[arch-general] linux 3.1-4 - two i686 lockups after ~ 5 hours of operations. two x86_64 seem OK

C Anthony Risinger anthony at xtfx.me
Thu Nov 10 15:59:11 EST 2011

On Nov 10, 2011 2:44 PM, "David C. Rankin" <drankinatty at suddenlinkmail.com>
> On 11/10/2011 01:55 PM, Mauro Santos wrote:
>> On 10-11-2011 19:16, David C. Rankin wrote:
>>> Richard, David - check your hardware clock "# hwclock -r" and compare
>>> that to the time returned by "# date". If they are hours apart, then
>>> make sure your sysclock is correct and set the hardware clock to your
>>> sysclock with "# hwclock -w". Worth checking regardless. I know this
>>> used to be done on boot or shutdown and I don't know why it isn't
>>> anymore. I'll do some more digging.
>> You should take into account that 'hwclock -r' and 'date' might return
>> times and things will still be ok, it all depends on if you have the
clock set
>> to UTC or localtime and your timezone. The man page says there is some
>> autodetection logic but as with all things it can fail.
> True, hwclock always returns time in 'localtime' as does 'date'. Both
also provide the '-u' option to return UTC. This box has the hwclock set to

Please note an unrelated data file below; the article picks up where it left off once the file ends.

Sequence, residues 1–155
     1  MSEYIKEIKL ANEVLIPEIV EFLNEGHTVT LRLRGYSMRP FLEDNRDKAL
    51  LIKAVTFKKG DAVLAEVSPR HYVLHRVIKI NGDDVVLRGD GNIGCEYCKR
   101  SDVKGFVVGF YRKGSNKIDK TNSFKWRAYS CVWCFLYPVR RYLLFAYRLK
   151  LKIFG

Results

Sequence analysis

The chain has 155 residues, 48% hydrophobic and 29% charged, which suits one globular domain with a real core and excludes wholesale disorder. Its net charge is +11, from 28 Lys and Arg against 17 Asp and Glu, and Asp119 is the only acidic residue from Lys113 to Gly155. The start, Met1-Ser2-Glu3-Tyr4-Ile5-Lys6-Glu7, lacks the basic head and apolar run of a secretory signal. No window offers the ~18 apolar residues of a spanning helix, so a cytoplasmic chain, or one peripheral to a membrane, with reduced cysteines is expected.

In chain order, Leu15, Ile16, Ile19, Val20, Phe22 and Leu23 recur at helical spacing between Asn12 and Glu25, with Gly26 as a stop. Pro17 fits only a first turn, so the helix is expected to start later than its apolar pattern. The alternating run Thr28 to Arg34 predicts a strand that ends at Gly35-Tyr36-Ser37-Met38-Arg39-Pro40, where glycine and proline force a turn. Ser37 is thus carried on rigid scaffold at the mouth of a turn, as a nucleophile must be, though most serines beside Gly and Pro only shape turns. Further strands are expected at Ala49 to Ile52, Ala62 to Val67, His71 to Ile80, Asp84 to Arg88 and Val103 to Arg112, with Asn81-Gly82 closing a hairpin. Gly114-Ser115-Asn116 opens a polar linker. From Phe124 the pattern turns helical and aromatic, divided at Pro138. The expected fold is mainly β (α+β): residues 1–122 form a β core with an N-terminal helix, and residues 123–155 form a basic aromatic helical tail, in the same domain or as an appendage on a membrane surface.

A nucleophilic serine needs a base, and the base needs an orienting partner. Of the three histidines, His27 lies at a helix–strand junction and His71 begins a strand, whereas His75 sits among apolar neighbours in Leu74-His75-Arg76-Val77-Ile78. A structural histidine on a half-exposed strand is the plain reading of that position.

localtime because it dual-boots with M$. Come to think about it, it is one
of my only boxes that is dual-boot. I wonder if the rtc set to localtime
may be uncovering a regression that is causing this strange behavior,
because honestly I can't explain jumping backwards in time over 13.75 hours
with ntp running??

Yeah I'm really not sure about the jump, ntp should be logging any changes
anyway (though I believe it will not change the time if greater than some

... however, some time ago it was announced that localtime is no longer
supported for a variety of well-known and good reasons.  Windows just needs
a small tweak (via registry IIRC) and it will behave.  I would recommended
switching to UTC hardware clock, and making said change.

C Anthony [mobile]

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